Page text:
Calgary joins ranks of 100 Resilient Cities
Three other Canadian cities were named to the network
Calgary has just gained membership into a group of 100 Resilient Cities — a network that Mayor Nenshi says will help the city better respond to disasters, such as flood, earthquake, disease outbreaks and terrorist or cyberattacks.
The network was launched in 2013 by The Rockefeller Foundation to help equip cities to manage acute or chronic environmental, social, and economic stresses.
"As we've seen over the past few years, Calgary is a resilient city. Whether we are responding to the floods of 2013, adapting to the economic downturn, or taking in refugees and evacuees, we have shown the very best of ourselves," said Mayor Naheed Nenshi.
"What we learn through our participation in this network will translate into an even more resilient city for our citizens."
Nenshi said Calgary was selected in part because of its existing capacity to deal with disasters.
"They thought that CEMA and the work that we do was very, very world-leading, and they wanted us to be able to teach others."
Nenshi said this gives the city an opportunity to build upon its success by taking advantage of some of the best planning expertise, knowledge, and analytical tools in the world.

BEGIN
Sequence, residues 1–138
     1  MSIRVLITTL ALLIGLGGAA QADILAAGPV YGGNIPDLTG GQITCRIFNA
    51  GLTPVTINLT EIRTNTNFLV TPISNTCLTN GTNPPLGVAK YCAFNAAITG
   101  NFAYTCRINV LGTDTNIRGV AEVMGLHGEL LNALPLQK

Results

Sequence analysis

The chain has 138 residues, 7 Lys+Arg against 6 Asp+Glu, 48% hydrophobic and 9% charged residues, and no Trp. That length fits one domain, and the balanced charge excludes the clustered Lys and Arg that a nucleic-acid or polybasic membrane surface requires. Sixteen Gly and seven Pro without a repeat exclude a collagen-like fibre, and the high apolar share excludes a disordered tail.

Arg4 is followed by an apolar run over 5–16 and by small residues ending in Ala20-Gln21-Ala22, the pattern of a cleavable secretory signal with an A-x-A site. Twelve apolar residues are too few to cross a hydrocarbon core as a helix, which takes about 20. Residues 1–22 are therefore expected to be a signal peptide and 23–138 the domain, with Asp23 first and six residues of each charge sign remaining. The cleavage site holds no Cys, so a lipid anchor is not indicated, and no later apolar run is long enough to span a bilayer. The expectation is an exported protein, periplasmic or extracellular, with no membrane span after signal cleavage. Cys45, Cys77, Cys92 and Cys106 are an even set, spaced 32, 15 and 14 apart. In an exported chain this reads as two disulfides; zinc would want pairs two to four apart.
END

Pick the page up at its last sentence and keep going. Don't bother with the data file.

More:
Other membership benefits include funding for a Chief Resilience Officer for up to two years, as well as technical support and access to about 60 private and public sector tools and services to develop and implement a resiliency strategy.
Three other Canadian cities were invited to join the global network: Vancouver, Toronto and Montreal.
Calgary, Toronto and Vancouver were among the 37 cities named to the network out of roughly 350 other applicants on Wednesday, the third and final day for applicant selection.
Other international cities include:
- Mexico City, Mexico
- Amman, Jordan
- New York City
- Accra, Ghana
- Chennai, India
- Bangkok, Thailand
With files from Colin Hall